“Cheap” products that break quickly, especially cars, do NOT help the US economy at all.

    We need to stop using Mexico and other countries as slave labor.

  4. Avatar

    brucefandrews

    January 27, 2017 at 3:13 PM

    Donald Trump is a pragmatist and doesn’t do something that will cause problems somewhere
    else. He already has a plan to make sure that the expense does not come back on us. For one the money that is confiscated from drug dealers can be a source. Another source id to take all the bank accounts from the illegal Mexicans and their families. (If it can be proven that any moneys in other family’s bank accounts are connected to the illegal). Take all moneys from human traffickers. Take all money that can be connected to illegal activities between Americans and Mexicans. ETC and so on. Not only pay for the wall but have a large amount left over to pay back Americans for that money that congress stole from our Social Security.

  5. Avatar

    Kbuzz

    January 27, 2017 at 3:30 PM

    Tariffs hit the consumer, that means the US people will be paying the tariff – True, or it could also mean the Consumer won’t BUY the product…which in turn means the producer can’t sell the product because there is no market. Producer has to fire people or go out of business, which means he won’t be paying taxes to his government. Loss of revenue means social programs suffer as well as kick-backs to corrupt mexican politicians.
    Trump knows exactly what he is doing.

    • Avatar

      Kevin Watson

      January 31, 2017 at 12:58 PM

      I’ll keep my money a lot longer than they’ll keep produce….

    • Avatar

      Chewbacca Solo

      January 31, 2017 at 4:13 PM

      Yes he has the economics degree, unlike politicians. Watch who fights him through his entire term, All establishment related…

  6. Avatar

    Steven Coy

    January 27, 2017 at 6:55 PM

    ARE YOU PEOPLE SAYING THAT YOU CAN’T BUY OTHER COUNTRIES PRODUCTS?? I DON’T BUY FRUITS AND VEGETABLES FROM MEXICO SO I DON’T CARE AND AS FAR AS CARS I DON’T BUY THEM FROM MEXICO EITHER. IF WE STOP ILLEGAL ALIENS FROM COMING INTO THIS COUNTRY AND STOP THE DRUGS AND DEPORT THE 30-40 ILLEGAL ALIENS BACK TO WHERE EVER THEY CAME FROM WE TAX PAYERS WILL GET A $60 BILLION BOOST FROM THE NEGATIVE TRADE AND $1 TRILLION DOLLARS FROM THE COST OF SUPPORTING THE ILLEGAL ALIENS EVERY YEAR AND IT WILL GIVE AMERICAN WORKERS 13-15 MILLION JOBS THAT THEY NOW ARE WORKING!!! ALSO THIS SO CALLED , THEY ARE PAYING TAXES!!!! YOU FORGET MOST OF THESE ILLEGAL ALIENS ARE IN POVERTY INCOME AND THEY GET ALL THE TAX MONEY BACK AND THEY GET FOOD STAMPS STATE AID HOSPITALIZATION SCHOOLING AND A BONUS TAX REFUND THAT HAS BEEN IN THE $20 BILLION RANGE SO THEY DO NOT PAY TAXES AND COST US TO BUILD MORE SCHOOLS HOSPITALS PRISONS POLICE AND THEY HAVE MURDERED OVER 18,000 AMERICANS SINCE 9/11 THAT WE KNOW OF. THIS IS A WIN WIN FOR US AND THEY WILL CAVE AND WE WILL WIN!!! STOP WHINING AND LET TRUMP DO SOMETHING AND SEE WHAT HAPPENS, IT IS NOT GOING TO BE ANYWHERE AS BAD AS WHAT WE HAVE WITH 8 YEARS OF THE ILLEGAL NOT BLACK HALF BREED MARXIST SUNNI MUSLIM TREASONOUS TRAITOR WHO HAS BURRIED US IN $9.3 TRILLION IN NEW NATIONAL DEBT, RUINED OUR HEALTH CARE WITH OBAMINATIONS UN-AFFORDABLE DEATH CARE THAT YOU DEMO-RATS/MARXISTS/MUSLIMS NEVER READ BEFORE PASSING, DOUBLED POVERTY, DOUBLED FOOD STAMPS, STARTED ISIS, MADE UP A STORY WITH THE ESPIONAGE AGENT HITLERY ABOUT WHAT HAPPENED IN BENGHAZI AND LET 4 AMERICANS GET MURDERED BY THE IGNORANT CULTIST TERRORIST MUSLIMS AND DON’T FORGET THE IRS SCANDAL, THE RAISING OF OUR TAXES EVERY YEAR FOR 8 YEARS AND THE BAILOUT OF WALL STREET, BIG BANKS AND INSURANCE COMPANIES THE RICHEST CORPORATIONS IN THE WORLD AND NOW THE BANKS ARE IN WORSE SHAPE THAN EVER BEFORE BY 4 TIMES AND ARE ON THE VERGE OF COLLAPSING AND THEY OWE SO MUCH WE CANNOT BAIL THEM OUT AGAIN,AND LASTLY DON’T FORGET YOU LIBERALS OBAMINATION AND HITLERY SOLD ALL THE TERRORIST NATIONS IN THE WORLD OVER $120 BILLION DOLLARS IN ARMS, MUNITIONS FIGHTER JETS AND OUR HAND HELD ROCKET LAUNCHERS!!!! VIETNAM VET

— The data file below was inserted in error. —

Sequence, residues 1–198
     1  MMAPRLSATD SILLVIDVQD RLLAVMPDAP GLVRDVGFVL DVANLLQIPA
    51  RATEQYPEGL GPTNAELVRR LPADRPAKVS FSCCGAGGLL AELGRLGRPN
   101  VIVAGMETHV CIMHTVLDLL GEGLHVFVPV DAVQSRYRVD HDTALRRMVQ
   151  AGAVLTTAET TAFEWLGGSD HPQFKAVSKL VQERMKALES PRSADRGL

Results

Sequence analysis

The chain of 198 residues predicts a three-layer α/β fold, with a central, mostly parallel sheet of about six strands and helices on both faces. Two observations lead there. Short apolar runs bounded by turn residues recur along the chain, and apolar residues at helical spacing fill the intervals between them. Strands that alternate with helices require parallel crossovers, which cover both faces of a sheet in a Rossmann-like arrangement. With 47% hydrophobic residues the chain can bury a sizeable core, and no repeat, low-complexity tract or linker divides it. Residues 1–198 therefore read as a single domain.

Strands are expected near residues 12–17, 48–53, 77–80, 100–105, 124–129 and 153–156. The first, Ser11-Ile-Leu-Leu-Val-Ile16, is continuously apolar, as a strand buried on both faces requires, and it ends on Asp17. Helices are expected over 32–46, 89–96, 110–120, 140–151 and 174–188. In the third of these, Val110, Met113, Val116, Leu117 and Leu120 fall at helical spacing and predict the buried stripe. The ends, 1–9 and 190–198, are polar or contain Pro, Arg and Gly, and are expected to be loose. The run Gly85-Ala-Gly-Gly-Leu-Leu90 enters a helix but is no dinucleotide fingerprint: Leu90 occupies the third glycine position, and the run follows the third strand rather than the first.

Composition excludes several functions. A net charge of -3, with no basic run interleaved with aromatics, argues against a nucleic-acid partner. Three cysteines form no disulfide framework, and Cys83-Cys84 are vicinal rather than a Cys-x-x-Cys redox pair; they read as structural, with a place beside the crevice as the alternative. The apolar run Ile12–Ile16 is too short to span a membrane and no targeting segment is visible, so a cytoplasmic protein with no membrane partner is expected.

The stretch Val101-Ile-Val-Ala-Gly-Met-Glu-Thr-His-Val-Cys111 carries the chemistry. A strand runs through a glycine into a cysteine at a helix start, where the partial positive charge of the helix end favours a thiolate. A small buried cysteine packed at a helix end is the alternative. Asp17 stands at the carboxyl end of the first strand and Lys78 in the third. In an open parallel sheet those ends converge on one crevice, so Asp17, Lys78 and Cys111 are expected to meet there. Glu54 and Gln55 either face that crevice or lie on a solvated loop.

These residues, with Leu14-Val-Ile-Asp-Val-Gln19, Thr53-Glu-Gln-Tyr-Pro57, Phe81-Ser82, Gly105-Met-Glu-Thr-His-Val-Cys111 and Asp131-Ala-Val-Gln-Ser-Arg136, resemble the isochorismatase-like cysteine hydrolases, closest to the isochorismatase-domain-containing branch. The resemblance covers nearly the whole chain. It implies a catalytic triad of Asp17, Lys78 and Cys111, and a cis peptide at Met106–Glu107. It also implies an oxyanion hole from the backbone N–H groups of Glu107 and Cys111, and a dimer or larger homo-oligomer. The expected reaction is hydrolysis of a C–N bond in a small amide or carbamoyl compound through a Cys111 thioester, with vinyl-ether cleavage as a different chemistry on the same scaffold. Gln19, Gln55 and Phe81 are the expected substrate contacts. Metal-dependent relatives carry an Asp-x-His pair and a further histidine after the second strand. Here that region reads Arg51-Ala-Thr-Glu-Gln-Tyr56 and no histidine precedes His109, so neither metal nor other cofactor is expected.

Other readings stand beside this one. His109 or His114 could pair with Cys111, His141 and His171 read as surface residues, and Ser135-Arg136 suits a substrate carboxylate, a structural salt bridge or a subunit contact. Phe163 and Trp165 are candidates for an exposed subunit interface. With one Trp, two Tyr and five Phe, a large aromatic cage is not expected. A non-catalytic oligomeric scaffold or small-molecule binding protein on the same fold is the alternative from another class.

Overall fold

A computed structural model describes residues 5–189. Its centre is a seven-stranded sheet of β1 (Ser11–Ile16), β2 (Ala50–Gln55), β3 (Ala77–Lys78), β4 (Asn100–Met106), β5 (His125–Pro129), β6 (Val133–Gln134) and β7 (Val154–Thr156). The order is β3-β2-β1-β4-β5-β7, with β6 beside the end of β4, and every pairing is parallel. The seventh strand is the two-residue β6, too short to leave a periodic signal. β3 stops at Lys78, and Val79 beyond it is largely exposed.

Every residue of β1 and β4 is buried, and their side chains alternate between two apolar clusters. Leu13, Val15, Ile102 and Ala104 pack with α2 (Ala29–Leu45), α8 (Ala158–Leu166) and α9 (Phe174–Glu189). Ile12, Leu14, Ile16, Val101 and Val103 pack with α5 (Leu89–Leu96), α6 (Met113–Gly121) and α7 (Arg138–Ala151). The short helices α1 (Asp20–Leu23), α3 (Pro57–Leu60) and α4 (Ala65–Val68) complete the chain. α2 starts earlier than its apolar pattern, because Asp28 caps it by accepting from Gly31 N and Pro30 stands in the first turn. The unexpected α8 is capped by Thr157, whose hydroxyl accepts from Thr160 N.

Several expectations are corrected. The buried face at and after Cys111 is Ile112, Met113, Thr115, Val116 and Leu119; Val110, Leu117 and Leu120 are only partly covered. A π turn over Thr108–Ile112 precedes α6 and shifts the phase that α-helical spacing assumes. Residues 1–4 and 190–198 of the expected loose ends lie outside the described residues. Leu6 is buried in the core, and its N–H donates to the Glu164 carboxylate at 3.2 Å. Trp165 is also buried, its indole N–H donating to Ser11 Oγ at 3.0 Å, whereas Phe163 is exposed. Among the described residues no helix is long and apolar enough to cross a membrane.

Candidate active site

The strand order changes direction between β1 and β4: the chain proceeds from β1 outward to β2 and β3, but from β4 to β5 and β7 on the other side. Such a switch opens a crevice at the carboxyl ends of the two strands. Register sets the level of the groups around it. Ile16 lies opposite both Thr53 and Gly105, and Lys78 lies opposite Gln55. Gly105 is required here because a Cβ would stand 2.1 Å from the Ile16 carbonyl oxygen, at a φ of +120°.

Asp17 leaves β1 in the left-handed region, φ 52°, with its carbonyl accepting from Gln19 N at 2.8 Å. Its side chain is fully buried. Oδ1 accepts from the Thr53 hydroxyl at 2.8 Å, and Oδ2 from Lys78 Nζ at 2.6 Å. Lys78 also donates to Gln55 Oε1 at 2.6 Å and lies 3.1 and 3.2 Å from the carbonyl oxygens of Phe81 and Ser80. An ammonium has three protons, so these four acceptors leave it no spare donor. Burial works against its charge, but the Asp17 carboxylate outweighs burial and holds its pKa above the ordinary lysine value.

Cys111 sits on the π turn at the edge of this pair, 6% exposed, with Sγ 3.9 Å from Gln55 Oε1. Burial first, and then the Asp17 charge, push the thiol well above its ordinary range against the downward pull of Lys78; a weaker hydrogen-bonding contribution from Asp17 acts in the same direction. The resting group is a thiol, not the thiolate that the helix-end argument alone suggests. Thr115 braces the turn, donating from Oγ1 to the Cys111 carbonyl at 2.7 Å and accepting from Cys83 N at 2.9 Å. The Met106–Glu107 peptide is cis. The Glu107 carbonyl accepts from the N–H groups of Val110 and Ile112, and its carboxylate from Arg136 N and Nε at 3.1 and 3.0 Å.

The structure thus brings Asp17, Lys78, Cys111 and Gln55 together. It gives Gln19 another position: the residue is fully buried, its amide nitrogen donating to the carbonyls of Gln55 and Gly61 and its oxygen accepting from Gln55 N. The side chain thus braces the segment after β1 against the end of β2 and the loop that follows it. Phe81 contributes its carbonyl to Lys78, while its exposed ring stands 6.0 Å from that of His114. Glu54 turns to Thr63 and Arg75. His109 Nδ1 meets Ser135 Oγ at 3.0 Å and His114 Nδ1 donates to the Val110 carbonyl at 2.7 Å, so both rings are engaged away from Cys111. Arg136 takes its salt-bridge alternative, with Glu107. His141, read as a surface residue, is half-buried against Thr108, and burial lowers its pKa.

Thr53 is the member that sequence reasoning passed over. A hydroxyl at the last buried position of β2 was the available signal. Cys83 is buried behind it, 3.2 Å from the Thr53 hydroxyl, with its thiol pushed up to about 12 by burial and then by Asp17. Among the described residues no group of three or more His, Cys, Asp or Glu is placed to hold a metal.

7. Avatar

    lark2

    January 27, 2017 at 10:04 PM

    Why don’t you just shut up and wait until the administration negotiates things that need to be negotiated. Of course Mexican President Nieto is under pressure at home. He has the FORMER president saying …… “I am not going to pay for that Fu . cking wall “. It’s like OBAMA saying “I am not going to allow any wall”. By running your mouth in ignorance you intend only to obstruct. You are making a case for the administration to act in secret so that they can do the job that needs to be done. The Obama people just operated in secret … they called it “benefiting from a lack of transparency”. You want the Trump people to quote “chapter and verse” so you can explode every day. This is going to lead to SILENCE … then you will complain about the silence.

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Economy

The U.S. Was Already Deep in Debt. This Year’s Deficit will be ‘Mind-Boggling’

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The U.S. was already deep in debt. This year's deficit will be 'mind-boggling'